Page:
This letter is written in response to retired Lt. Col. Ed Corson's letter of Nov. 21, regarding his thoughts on an inevitable world war. I agree in that I am also unsure of what the future has in store for the United States and for the rest of the world. I earnestly hope that a world war is not looming over the horizon. With the technological advances in nuclear weaponry, it would surely mean the end of mankind as we know it.
However, I have to disagree with Mr. Corson, on one thing.
His statement, "Muslims basically believe in killing non-believers," is untrue. Muslims do not believe in killing non-believers. In fact, my many Muslim friends at college are upset about the way things are going in the Middle East, just as I am. Like me, they are proud Americans. Muslims are good people. It's not fair to categorize an entire religious group because of the acts of a few dissident extremists.
I see this unjust categorization repeated so often, in the media as well. It is not fair and does nothing to help an already inflamed, tense situation to be so ignorant. Read the Qur'an and please show me the passage that directs Muslims to kill non-believers. You will not find it.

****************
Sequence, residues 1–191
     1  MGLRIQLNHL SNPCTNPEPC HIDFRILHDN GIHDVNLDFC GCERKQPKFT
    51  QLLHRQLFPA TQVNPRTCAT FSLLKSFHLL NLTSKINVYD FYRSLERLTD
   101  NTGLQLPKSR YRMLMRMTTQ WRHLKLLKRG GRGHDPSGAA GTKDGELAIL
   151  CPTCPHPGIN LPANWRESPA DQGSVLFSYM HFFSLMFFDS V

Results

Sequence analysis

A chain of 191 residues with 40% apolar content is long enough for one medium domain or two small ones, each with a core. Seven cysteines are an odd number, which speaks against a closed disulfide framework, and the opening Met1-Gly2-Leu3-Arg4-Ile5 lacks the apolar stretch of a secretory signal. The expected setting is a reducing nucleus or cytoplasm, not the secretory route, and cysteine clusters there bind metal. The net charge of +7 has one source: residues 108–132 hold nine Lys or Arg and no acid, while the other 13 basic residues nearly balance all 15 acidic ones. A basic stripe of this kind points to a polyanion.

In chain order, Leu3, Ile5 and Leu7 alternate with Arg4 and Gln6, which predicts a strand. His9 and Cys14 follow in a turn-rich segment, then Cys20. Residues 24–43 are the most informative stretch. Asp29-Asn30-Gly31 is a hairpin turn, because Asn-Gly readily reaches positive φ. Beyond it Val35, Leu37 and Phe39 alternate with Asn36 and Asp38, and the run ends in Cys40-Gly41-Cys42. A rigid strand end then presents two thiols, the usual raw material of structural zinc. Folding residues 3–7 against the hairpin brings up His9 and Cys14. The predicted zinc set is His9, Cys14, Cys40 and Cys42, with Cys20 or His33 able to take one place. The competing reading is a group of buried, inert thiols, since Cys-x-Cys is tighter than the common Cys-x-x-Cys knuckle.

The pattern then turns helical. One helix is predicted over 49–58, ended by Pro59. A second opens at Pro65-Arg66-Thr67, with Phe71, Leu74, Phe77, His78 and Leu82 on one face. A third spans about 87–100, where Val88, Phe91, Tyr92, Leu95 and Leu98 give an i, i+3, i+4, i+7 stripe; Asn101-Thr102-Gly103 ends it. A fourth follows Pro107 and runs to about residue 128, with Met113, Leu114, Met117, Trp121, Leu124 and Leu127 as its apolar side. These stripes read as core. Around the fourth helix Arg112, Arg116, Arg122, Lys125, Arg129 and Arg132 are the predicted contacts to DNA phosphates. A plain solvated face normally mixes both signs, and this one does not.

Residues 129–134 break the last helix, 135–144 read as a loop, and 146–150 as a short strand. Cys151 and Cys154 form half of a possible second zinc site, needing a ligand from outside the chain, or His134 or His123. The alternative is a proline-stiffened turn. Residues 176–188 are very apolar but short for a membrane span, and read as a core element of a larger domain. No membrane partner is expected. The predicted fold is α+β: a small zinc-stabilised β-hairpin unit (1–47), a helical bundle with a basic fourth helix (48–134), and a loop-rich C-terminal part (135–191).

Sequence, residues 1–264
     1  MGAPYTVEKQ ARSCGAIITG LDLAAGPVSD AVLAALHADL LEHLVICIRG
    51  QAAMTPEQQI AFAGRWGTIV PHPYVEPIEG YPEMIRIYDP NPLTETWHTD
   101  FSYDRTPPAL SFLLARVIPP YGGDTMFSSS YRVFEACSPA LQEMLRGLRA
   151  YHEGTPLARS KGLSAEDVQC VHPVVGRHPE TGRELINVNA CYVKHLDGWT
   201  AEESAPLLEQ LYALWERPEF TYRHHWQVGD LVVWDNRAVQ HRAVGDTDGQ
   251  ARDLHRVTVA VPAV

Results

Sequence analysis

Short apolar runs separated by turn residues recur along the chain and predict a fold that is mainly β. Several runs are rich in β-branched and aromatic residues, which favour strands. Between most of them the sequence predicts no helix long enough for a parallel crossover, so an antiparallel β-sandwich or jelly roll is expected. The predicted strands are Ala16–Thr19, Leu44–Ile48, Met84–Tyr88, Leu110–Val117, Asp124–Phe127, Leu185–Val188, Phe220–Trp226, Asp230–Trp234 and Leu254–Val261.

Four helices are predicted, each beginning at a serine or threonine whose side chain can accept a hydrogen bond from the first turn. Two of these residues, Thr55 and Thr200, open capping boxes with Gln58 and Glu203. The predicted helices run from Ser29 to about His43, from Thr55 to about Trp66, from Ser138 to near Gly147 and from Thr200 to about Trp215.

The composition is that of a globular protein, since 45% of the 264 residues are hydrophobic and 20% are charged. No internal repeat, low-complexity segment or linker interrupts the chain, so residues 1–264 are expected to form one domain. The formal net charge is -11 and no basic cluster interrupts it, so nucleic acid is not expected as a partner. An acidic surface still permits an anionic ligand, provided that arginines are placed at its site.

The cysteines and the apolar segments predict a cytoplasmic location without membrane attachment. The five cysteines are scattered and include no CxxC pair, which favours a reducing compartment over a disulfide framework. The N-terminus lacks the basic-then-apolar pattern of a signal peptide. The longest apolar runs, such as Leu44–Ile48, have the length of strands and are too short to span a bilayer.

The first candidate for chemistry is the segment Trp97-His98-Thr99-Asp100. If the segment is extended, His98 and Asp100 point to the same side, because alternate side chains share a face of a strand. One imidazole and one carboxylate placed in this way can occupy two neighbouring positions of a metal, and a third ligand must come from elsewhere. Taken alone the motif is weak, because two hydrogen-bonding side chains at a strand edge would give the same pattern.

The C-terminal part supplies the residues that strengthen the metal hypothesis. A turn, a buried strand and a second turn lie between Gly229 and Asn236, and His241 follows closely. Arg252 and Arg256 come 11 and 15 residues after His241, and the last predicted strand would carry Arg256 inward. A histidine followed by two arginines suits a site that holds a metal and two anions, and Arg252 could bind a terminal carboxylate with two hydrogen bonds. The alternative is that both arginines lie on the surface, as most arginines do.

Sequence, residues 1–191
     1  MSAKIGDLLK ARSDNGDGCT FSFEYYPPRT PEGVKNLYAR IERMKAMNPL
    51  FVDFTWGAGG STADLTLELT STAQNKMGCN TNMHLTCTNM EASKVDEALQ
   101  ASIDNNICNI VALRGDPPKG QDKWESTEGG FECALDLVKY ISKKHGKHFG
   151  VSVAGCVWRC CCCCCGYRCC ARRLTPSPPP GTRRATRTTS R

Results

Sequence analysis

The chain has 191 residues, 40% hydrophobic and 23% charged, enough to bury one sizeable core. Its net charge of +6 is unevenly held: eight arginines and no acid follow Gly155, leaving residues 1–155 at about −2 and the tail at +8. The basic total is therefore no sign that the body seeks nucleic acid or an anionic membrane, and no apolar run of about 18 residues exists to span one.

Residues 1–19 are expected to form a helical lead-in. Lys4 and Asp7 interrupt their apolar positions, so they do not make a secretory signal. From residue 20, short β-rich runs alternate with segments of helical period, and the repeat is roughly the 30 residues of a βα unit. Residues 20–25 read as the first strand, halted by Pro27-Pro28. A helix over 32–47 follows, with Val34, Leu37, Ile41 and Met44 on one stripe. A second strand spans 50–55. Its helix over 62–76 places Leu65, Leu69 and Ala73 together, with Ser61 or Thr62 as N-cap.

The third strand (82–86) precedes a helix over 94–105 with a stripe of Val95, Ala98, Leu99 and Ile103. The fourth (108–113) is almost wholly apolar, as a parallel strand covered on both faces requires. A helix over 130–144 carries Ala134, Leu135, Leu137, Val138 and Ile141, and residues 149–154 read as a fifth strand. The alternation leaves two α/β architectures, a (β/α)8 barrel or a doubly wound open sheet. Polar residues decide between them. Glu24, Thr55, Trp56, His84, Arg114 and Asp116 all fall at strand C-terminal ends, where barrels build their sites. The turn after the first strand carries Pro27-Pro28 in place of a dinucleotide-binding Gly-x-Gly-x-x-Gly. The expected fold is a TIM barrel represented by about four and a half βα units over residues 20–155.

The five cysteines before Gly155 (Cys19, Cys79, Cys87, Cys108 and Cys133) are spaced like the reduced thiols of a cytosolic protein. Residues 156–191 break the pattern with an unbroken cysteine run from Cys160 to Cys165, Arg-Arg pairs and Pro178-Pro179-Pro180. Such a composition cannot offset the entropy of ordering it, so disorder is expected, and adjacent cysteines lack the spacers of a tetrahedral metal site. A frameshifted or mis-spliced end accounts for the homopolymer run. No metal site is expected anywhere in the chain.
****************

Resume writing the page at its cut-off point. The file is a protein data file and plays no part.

How unfortunate it is that a small number of people can sometimes have the power to ruin the positive reputation of the majority. In this case, extremists (who, yes, might also share a common religious thread) have taken it upon themselves to violently thrust their opinions on the rest of the world. They have done, and continue to do, terrible things. In doing these things, they misrepresent the peaceful religion of Islam that millions around the globe practice positively.
They are not "Muslim terrorists." They are simply terrorists. In the future, remember that every side has two stories. Each side has a different viewpoint.
Perhaps the Muslim countries you speak of are sick of democratic theories being forced on them by Christian terrorists.
Food for thought.
Lisa Jackson, State College, Penn., Formerly of Payson